by Calculated Risk on 2/21/2019 12:41:00 PM
Thursday, February 21, 2019
Earlier: NAR: Existing-Home Sales Decreased to 4.94 million in January
A few key points:
1) The key for housing - and the overall economy - is new home sales, single family housing starts and overall residential investment. Unfortunately this key data has been delayed due to the government shutdown. However, overall, this is still a somewhat reasonable level for existing home sales, and the weakness at the end of 2018 and early 2019 was no surprise given the increase in mortgage rates.
2) Inventory is still low, but was up 4.6% year-over-year (YoY) in January. This was the sixth consecutive month with a year-over-year increase in inventory, although the YoY increase was slightly smaller in January than in December.
3) As usual, housing economist Tom Lawler's forecast was closer to the NAR report than the consensus. See: Lawler: Early Read on Existing Home Sales in January . The consensus was for sales of 5.05 million SAAR, Lawler estimated the NAR would report 4.92 million SAAR in January, and the NAR actually reported 4.94 million SAAR.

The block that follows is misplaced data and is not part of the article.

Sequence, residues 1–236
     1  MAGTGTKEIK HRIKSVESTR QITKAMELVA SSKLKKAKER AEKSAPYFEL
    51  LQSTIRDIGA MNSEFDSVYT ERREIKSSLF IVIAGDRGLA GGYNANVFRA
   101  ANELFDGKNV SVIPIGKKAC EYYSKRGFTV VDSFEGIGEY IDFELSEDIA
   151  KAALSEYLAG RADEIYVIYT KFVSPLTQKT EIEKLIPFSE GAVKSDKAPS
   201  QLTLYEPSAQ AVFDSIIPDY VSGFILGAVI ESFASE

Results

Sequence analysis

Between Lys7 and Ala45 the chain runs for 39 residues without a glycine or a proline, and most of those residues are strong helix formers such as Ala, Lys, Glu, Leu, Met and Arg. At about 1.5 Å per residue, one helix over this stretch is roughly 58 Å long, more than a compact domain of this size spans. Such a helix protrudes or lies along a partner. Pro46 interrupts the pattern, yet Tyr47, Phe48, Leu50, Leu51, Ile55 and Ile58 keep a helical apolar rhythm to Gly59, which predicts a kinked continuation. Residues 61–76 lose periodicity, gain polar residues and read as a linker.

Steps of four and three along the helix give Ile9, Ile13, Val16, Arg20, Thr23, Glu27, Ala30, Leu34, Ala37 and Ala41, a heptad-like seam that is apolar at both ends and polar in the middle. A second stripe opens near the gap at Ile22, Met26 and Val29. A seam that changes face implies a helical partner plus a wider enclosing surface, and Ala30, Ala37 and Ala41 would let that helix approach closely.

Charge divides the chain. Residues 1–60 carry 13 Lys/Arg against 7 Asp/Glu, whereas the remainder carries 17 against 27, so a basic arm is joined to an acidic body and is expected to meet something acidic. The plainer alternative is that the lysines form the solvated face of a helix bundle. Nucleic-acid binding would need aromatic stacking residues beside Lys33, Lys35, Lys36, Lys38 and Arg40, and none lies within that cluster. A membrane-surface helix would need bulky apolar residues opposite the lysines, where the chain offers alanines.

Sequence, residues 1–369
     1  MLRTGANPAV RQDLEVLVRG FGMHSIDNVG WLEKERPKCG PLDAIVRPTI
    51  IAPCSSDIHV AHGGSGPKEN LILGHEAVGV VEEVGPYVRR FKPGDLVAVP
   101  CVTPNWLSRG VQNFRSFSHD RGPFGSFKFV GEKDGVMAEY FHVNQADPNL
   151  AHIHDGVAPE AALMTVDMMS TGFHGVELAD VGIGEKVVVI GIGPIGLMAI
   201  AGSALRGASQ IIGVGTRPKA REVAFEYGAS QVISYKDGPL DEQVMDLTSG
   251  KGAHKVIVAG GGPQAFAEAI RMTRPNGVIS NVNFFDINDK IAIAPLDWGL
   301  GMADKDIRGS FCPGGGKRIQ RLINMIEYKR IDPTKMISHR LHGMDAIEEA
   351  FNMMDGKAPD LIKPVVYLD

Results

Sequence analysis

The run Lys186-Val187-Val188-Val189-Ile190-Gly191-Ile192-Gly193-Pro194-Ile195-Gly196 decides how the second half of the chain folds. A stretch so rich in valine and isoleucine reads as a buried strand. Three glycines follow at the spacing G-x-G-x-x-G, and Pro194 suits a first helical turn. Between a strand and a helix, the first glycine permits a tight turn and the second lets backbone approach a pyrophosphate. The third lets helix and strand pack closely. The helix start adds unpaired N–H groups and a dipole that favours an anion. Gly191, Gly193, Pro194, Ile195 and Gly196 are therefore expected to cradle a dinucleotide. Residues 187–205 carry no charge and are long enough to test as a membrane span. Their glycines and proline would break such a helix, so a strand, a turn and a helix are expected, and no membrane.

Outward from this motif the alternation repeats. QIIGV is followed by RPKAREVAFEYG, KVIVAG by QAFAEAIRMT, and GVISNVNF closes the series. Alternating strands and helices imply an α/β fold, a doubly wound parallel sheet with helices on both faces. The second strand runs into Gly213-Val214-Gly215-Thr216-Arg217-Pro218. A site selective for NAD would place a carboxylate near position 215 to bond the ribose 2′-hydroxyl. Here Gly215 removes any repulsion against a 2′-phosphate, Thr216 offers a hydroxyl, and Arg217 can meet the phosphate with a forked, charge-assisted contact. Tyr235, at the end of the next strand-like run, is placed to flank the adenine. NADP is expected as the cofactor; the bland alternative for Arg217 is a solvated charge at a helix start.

Click on graph for larger image.
The current YoY increase in inventory is nothing like what happened in 2005 and 2006. In 2005 (see red arrow), inventory kept increasing all year, and that was a sign the bubble was ending. This winter (light blue arrow), inventory is following the normal seasonal pattern.
Although I expected inventory to increase YoY in 2019, I also expected inventory to once again follow the normal seasonal pattern.
Also inventory levels remain somewhat low, and could increase more and still be at normal levels. No worries.
The second graph shows existing home sales Not Seasonally Adjusted (NSA).
Sales NSA in January (285,000, red column) were below sales in January 2018 (313,000, NSA), and sales were the lowest for January since 2015.